By Simon Tang
The ensuing conflict between parents and teachers over the response of the school systems across the nation, and in Loudoun County, make evident one fact: both facilitators of our education are part of the bigger problem.
In a way, the teachers and the parents are really one in the same. To contextualize this, consider two powerful politicians: Donald Trump and Alexandria Ocasio-Cortez. In short, both are politicians who influence and conduct policy in 280 characters or less, both are polarizing figures within their respective political parties, both appeal to a specific base in their political party as opposed to the entire party at large. Donald Trump and Alexandria Ocasio-Cortez are basically the same people a few generations apart and on opposite sides of the political spectrum.
Why does that matter in a discussion about education and school reopenings?
Because teachers and parents are essentially fulfilling the same roles in a different conflict: while parents are calling for in-person schooling for their children, the Loudoun Education Association (LEA) and its members have called for 100% distance learning. Both, however, ignore larger problems just as Donald Trump and Alexandria Ocasio-Cortez do in the political sphere.
Where is student input in any of the positions that parents and teachers have taken?
Parents are concerned about their children’s education, but what about the kids themselves? Where do they find themselves in trying to answer this challenging question? And what about the concerns for teachers’ children?
This negligence works both ways.
In a statement released on Monday, July 6, the LEA said, "As the voice of employees, LEA conducted an all staff survey and provided the results to LCPS Administration and the School Board in early June. Unfortunately, vital employee input was not incorporated into the development of LCPS’ presented plans."
"As the voice of employees... Unfortunately, vital employee input..." It sounds like LEA’s concern for students is minimal.
While the educators’ concerns are important, if "academic growth, physical safety, and emotional well-being of our students" is most important, doesn't it make sense to consider the students’ own concerns?
What is incredulous is that neither parents nor educators seem to understand the fact that their conflict does not help students, but neither did their “partnership” in pre-coronavirus times. Both parties subverted students' autonomy and their ability to become learners together. Now they are just doing it apart.
In the background of racial injustice, the killing of George Floyd, the shooting of Breonna Taylor, the sexual assault of Vanessa Guillen, it is important for us, as a society, to come together to ask and answer the questions surrounding racial violence. These events are not isolated; they are part of a larger problem in this country. In the same way, the challenges we face in education – of helping students become the agents of their own education, of addressing racial inequity within schools, of services for students who need special accommodations – are not isolated problems. They are part of a larger failure.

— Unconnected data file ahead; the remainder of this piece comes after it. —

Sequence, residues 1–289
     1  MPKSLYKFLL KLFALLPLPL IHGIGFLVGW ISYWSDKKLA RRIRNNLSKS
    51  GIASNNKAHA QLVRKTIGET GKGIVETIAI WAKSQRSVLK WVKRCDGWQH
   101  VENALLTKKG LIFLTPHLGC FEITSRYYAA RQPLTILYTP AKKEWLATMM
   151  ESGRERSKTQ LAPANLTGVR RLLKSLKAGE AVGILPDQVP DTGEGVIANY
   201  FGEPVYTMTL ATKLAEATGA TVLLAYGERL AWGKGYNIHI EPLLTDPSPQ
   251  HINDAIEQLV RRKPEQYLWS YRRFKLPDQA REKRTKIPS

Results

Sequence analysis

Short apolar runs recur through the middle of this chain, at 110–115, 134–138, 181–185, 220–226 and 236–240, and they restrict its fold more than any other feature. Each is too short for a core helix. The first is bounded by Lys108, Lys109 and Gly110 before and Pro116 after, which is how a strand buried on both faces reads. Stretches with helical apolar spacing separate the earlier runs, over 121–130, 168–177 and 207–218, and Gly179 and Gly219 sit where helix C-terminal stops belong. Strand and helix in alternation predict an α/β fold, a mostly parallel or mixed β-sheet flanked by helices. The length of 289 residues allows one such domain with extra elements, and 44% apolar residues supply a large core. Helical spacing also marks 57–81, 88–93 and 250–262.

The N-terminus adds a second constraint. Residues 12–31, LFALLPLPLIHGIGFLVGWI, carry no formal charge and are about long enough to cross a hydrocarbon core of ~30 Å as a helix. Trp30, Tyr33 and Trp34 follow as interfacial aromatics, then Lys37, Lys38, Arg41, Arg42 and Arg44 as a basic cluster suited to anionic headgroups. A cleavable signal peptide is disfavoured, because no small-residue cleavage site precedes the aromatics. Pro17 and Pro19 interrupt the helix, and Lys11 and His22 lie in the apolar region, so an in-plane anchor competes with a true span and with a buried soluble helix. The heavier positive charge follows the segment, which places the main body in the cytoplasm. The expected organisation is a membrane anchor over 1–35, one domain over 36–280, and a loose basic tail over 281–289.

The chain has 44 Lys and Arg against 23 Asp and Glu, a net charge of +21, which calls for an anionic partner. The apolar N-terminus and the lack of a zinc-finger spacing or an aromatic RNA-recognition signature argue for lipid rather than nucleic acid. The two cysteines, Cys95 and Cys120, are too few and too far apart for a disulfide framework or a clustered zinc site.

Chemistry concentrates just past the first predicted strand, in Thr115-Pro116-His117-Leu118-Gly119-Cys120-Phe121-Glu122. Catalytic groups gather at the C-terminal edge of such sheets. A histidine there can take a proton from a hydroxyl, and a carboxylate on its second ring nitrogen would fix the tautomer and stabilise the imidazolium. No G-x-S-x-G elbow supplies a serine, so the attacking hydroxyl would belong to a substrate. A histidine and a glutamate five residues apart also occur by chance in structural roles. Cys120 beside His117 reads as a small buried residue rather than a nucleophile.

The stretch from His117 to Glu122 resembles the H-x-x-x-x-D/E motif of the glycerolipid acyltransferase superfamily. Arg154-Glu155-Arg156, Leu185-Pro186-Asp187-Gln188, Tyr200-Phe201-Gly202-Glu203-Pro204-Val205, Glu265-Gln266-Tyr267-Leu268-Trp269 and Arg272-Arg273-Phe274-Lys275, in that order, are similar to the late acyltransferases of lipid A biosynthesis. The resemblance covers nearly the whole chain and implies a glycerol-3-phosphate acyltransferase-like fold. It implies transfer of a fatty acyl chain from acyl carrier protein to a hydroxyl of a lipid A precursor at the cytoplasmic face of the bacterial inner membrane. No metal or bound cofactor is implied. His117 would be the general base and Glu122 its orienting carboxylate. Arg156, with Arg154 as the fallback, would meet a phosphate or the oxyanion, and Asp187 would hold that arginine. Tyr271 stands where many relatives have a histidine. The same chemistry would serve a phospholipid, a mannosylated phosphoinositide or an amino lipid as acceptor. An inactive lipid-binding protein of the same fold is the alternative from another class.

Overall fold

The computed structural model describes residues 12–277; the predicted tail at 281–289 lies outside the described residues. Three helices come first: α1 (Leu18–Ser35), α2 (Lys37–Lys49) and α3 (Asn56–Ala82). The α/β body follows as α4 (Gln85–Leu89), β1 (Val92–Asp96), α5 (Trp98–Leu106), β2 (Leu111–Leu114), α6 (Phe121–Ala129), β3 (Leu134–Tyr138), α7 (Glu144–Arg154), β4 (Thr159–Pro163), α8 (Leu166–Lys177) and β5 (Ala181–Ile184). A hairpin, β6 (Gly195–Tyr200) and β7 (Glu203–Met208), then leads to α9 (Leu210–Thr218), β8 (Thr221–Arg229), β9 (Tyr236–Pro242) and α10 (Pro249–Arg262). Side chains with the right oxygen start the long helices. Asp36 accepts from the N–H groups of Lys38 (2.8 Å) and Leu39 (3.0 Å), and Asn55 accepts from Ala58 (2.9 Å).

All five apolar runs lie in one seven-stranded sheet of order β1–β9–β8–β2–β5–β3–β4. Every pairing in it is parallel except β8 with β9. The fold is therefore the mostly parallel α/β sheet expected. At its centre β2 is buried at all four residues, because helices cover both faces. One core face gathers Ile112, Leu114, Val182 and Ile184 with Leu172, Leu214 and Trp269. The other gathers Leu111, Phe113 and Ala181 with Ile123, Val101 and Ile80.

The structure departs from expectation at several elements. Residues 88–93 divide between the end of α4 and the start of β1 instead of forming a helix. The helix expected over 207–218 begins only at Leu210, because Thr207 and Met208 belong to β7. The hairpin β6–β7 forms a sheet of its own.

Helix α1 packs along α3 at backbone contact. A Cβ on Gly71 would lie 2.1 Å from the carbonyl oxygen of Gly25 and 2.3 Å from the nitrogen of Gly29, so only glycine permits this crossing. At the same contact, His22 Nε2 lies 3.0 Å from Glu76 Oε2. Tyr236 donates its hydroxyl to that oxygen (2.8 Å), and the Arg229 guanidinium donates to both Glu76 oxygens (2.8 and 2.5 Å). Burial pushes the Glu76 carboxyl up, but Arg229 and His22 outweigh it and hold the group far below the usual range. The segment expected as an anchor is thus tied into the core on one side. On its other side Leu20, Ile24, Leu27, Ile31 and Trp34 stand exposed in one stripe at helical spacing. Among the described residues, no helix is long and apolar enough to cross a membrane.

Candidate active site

Now, I am challenging you to realize that today’s social and political ills are connected with flaws in our education from yesterday. The problem is a lot bigger than a simple comparison of Donald Trump and Alexandria Ocasio-Cortez or the names of those fallen in the cause for social justice.
In a political climate such as this, is it not important that the next generation receives the highest quality education? The students of today will be the policymakers of tomorrow; serious changes to our political system and status quo must start with how we educate students.
Educators and parents playing the role of politicians in our homes and in our schools does little to empower students; they are the same as politicians focused on reelection in the fall. Just as politicians are seemingly interested in challenging the racial status-quo in this country, educators and parents are seemingly interested in the welfare of students. But how much is self-serving, posturing, and virtue signaling?
For this – our education system – to work, students must be the driving force of their own education. Students must be empowered to think and act of their own free will. What we have now are options – and no solutions – just as in the real world where there are options but no clear solutions to our social ills.
I realize that this writing does not provide an in-depth answer about the question of race in the United States, nor about the many questions about schools, but my conclusion is this: the only solution to the social and educational problems we face today is to convert students to life-long learners, and it starts with changing the minds of parents and educators in our homes and our learning environments. They must recognize that students should be included in the solutions, not ruled over and compelled.
Wayne Gretzky once said, “You miss 100% of the shots you don't take.” The only solution now is to take a shot.
Because no one else